The collection of Planes of Fame is probably among the world’s finest of the kind. The group keeps many extremely rare aircraft in full flying conditions, both jet and prop powered warbirds. They also perform flying activities on an almost-regular basis, including a huge airshow taking place in Chino, CA in mid-spring every year.
What is possibly less known is that the collection is hosted in two branches.
The ‘frontline’ branch is in Chino, between San Bernardino and Pomona, Los Angeles area. Here most of their aircraft and all jet planes are preserved in dedicated hangars on Chino Airport, crowded with commercial and private general aviation activities.
The ‘rear’ collection is in a beautiful location in Arizona called Valle, a few miles from the south rim of the Grand Canyon, halfway between Williams on the Route 66 and Grand Canyon Village. Here especially older aircraft are hosted in a hangar on the local Valle Airport. Thanks to the very thin and dry air, this is an ideal place for storing aircraft even on the outside. Here you can find many recently acquired aircraft used for spares or awaiting restoration.
Flying aircraft from the two branches are often swapped between the two locations, so it may happen to see the same aircraft in either of the two places in different times of the year.
In this small post you can see a series of pics from both brenches of this museum.
Chino Branch, California
This branch is probably where the most famous among the spectacular and rare aircraft of the collection can be found. The majority of those in the hangars, if not all, are in airworthy condition. These include unique early Northrop ‘Flying Wing’, at least two Boeing Stearman, and many exemplars of P-40 and P-51.
Some aircraft from WWII really seem to be ready to spool up and go at any time!
Next comes a hangar with mainly jet aircraft from the early Cold War. These are among the few such aircraft on earth still flying. There are an F-86 as well as British and Soviet fighters.
Another hangar hosts a collection of German and Japanese aircraft from WWII, including a stunning FW190 and a Salamander under Nazi colors, and some extremely rare fighters and light bombers from Japan, including the famous ‘Val’ dive bomber. I’m not sure everything is original here, maybe some of the aircraft are replicas or half-replicas, meaning that there is something original in the aircraft but restoration work included substantial reconstruction of missing or heavily damaged parts.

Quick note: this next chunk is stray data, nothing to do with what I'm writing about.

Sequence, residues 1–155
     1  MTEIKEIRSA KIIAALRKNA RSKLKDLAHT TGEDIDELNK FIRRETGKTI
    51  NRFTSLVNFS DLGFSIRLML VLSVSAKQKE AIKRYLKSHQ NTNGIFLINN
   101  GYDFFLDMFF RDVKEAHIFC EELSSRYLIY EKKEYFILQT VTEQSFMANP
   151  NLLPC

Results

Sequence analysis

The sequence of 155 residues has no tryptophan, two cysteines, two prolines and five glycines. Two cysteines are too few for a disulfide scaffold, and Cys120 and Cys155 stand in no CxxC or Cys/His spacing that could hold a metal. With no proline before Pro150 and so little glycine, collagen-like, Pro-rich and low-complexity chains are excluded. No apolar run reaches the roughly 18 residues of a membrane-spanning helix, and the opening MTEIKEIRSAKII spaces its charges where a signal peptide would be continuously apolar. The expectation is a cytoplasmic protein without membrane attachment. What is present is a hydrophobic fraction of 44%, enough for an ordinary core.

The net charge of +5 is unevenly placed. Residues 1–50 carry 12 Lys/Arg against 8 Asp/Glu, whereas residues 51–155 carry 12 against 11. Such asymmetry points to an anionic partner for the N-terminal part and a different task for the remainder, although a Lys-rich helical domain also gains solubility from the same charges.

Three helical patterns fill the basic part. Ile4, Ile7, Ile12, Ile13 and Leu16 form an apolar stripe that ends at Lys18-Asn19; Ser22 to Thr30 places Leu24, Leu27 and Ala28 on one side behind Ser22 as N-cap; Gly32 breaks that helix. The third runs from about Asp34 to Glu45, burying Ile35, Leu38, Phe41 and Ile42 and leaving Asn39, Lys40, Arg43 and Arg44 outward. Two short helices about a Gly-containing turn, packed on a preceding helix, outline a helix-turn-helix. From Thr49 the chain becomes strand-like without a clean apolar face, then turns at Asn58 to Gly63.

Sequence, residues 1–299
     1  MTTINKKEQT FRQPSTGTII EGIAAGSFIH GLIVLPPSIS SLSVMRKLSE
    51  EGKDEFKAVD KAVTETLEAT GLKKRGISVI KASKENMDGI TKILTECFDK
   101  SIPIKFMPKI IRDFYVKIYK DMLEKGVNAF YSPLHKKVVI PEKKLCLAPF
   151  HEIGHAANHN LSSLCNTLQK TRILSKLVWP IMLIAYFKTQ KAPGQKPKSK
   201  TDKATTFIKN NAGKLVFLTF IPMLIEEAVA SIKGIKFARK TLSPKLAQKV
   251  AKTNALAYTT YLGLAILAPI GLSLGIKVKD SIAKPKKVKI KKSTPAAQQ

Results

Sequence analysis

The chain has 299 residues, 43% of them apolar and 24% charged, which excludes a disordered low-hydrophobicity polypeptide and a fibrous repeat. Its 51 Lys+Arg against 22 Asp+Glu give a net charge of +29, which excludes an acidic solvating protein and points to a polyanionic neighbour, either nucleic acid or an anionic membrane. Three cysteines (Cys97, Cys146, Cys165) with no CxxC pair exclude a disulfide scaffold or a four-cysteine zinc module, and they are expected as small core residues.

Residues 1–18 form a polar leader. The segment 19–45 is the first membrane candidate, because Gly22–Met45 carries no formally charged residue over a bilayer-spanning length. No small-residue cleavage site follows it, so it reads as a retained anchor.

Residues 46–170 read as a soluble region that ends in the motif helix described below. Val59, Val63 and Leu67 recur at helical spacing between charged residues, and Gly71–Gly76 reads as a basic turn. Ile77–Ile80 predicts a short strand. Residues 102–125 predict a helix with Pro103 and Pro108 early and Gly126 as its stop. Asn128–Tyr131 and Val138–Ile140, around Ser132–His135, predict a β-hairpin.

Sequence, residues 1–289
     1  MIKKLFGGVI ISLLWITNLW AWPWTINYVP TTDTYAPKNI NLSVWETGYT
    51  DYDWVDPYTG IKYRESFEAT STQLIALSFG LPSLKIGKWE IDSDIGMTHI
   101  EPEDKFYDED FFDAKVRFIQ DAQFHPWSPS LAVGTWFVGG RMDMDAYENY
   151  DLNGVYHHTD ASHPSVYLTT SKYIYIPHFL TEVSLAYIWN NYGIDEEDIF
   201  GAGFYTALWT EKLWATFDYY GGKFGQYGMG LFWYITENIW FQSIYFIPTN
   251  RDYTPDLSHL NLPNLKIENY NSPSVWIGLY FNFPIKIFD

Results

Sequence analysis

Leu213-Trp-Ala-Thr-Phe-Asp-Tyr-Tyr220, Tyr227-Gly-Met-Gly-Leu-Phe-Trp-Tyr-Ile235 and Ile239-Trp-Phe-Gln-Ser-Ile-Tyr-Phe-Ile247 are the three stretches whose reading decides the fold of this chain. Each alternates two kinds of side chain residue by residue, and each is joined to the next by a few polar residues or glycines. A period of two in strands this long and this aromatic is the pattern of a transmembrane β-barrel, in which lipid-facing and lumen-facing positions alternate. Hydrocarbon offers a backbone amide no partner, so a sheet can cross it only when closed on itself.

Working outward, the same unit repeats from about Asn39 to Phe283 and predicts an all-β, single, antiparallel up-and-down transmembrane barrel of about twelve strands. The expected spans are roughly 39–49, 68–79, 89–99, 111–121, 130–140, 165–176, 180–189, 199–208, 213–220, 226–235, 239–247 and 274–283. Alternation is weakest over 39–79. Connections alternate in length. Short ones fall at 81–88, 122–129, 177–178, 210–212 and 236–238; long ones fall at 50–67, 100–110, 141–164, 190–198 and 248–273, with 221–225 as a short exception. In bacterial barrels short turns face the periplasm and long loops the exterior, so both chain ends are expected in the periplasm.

One of the hangars is custom-made for a P-38, which was out on an airshow when I visited, a P-51 taking its place. Also noteworthy are a group of US divers and torpedo-bombers from WWII, and some other carrier-based aircraft.
A great restoration shop is always busy rebuilding parts and assembling aircraft.
There are more hangars in this branch, but many of them are really cluttered, so room inside is at a premium and many aircraft awaiting restoration are stored outside. At the time of my visit these included F-86, F-100, F-104, an Antonov An-2, not easy to see in this part of the world, and what I think is a mock-up replica of a super-rare Italian seaplane built for the Schneider Trophy competition in the Twenties or early Thirties.
The place is between San Bernardino and Pomona, and it can be easily reached from LA. The hangars are on the northern side of the airport. Large parking nearby. Here is their website with hours of operation. Visiting may take from 45 minutes to a couple of hours, depending on your level of interest. As an aircraft enthusiast I especially like to see flying collections and where people restore aircraft. This place is a world-category ‘must-see’ under this respect, similar to few other places in the US and Canada, and to Duxford in Britain.
Please note that there is also another great air museum on the northwestern corner of the same airport, called Yanks Air Museum, which is a different entity. Here is their website.
Valle Branch, Arizona
When driving to the Grand Canyon visitor’s center from the south you will pass by this museum, and it won’t go unnoticed thanks to a handful of big aircraft, including a Constellation, placed in front of it.
This branch is smaller with respect to the main location in Chino, and it is composed by a hangar, with a dozen of aircraft in pristine conditions, almost all of them in airworthy condition.
Some of the aircraft are preserved in restored but ‘cut’ condition, showing the restored inner structure. There are also some parts and memorabilia, including the drop (or egg…) shaped fuselage of a P-38, with full panel.
You can see in the pictures that the Japanese ‘Val’ bomber is the same I photographed in Chino in the previous section another year… this is a proof aircraft from this collection can actually fly!
Many aircraft awaiting restoration are waiting their turn on the outside, i.e. on a corner of the apron of Valle Airport, which is an active mainly leisure airport a few miles south the commercial airport of Grand Canyon Village.
Besides the aircraft in need of some restoration work – including a former aircraft of the Blue Angels Team – at the time of my visit there were also some aircraft parts, engines and what appeared to be a full KC-97 tanker which had a close encounter with a crazy scrapman…
Light and air quality in this area are unrivalled, and if you are interested in taking photographs, this is a place to be!
The museum is a unmissable sight along route 64 driving from Williams to the Grand Canyon rim. Website with full information here. This may be a nice 45 minutes addition to your full day in the National Park.